As far as diets go, a protein-based one may not be a bad idea. Researchers from the U.S. Army Research Institute of Environmental Medicine have discovered that a high protein diet helps to shut down a key system in the body responsible for degrading skeletal muscle tissue. The system in question is called the proteasome system.
For those of you thinking of going on a diet, or are already dieting, this news may be of relevance. Often, when dieting, along with the loss of body fat, muscle tissue tends to disappear. For everyone, this can become a problem. For older adults, it becomes much more of an issue. It is more difficult as a senior to regain muscle tissue, which tends to slowly waste away as part of the natural process of aging.
For their study, the U.S. military researchers had young men and women follow a specifically controlled diet for one month. There were three different levels of protein assigned to the diet: the RDA for protein, two times the RDA, and three times the RDA. The remainder of the diet was carefully adjusted to maintain a constant body weight for the first two weeks of the diet. This helped the participants’ metabolism adapt to increased levels of protein. For the next two weeks, the researchers then lowered the caloric intake while increasing the amount of exercise the participants were asked to do. The goal was to have each participant lose about two pounds each week. All meals were prepared by the research staff who also supervised the exercise sessions.
The research team found, after taking measurements throughout the study, that a high protein intake resulted in the preservation of more muscle tissue when compared to the lower protein diets.
The researchers think their findings are important as many diets do not account for which type of weight loss they induce. Some diets make you seemingly lose weight when, in fact, your body has lost much of its natural supply of water. Similarly, many fad diets trigger weight reductions in the form of lost muscle. Since preserving muscle tissue while losing fat is the best approach to dieting, going on a protein diet may be the way to go.
There have been some concerns expressed about following a high protein diet, however. Some experts have cited the risk for an increased intake of saturated fat which leads to problems with the heart and other organs. Then, too, there’s the issue that insufficient intake of carbohydrates is not good for the body either. You need some carbs for your body to function normally. High protein diets can trigger problems with the kidneys as well.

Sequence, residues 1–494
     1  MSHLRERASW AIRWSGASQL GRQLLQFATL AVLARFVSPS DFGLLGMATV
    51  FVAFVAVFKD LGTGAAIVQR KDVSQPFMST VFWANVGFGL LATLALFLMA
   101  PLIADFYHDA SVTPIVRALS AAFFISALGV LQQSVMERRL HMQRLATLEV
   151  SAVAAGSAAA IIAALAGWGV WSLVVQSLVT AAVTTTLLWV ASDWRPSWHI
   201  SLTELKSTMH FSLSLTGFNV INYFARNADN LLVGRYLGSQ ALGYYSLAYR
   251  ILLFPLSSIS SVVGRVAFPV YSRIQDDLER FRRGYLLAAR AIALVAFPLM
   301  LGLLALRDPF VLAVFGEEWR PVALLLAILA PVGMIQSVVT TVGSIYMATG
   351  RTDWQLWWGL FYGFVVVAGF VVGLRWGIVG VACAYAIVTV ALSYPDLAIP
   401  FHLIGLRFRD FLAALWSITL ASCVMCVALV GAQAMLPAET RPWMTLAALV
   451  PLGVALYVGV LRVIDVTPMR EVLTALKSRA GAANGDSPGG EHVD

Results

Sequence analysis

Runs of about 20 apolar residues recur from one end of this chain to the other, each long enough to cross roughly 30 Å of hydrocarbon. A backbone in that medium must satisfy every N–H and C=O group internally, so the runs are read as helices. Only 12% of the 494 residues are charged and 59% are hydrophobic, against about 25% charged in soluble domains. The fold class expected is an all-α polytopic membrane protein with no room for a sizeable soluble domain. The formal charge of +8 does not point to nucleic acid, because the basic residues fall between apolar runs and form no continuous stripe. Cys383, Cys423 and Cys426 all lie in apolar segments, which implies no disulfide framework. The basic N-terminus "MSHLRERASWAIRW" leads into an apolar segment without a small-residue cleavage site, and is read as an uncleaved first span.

Nutritional research has shown that the body can’t store excess protein. There’s no system in place for it to use extra protein for energy or muscle. If you eat lots of protein, some of it will get excreted, while the rest gets converted to fat or glucose to be stored for later use.
This brings us back to the fact that the best diet of all is a well-balanced one: simply eat whole foods, in the recommended proportions, and stay away from too much sugar, fat, and salt.
- “Short-term energy deficits increase factors related to muscle degradation,” Medical News Today web site; http://www.medicalnewstoday.com/releases/269591.php, last accessed Dec. 2, 2013.
- Tang, M., et al., “Diet-Induced Weight Loss: The Effect of Dietary Protein on Bone,” J Acad Nutr Diet. October 30, 2013.
- Bendtsen, L.Q., et al., “Associations between dairy protein intake and body weight and risk markers of diabetes and CVD during weight maintenance,” Br J Nutr. October 30, 2013:1-10.
Victor Marchione, MD received his Bachelor of Science Degree in 1973 and his Medical Degree from the University of Messina in 1981. He has been licensed and practicing medicine in New York and New Jersey for over 20 years. Dr. Marchione is a respected leader in the field of smoking cessation and pulmonary medicine. He has been featured on ABC News and World Report, CBS Evening News and the NBC Today Show and is the editor of the popular The Food Doctor newsletter. Dr. Marchione has also served as Principal Investigator in at least a dozen clinical research projects relating to serious ailments such as bronchitis, pneumonia, asthma, and chronic obstructive pulmonary disease (COPD).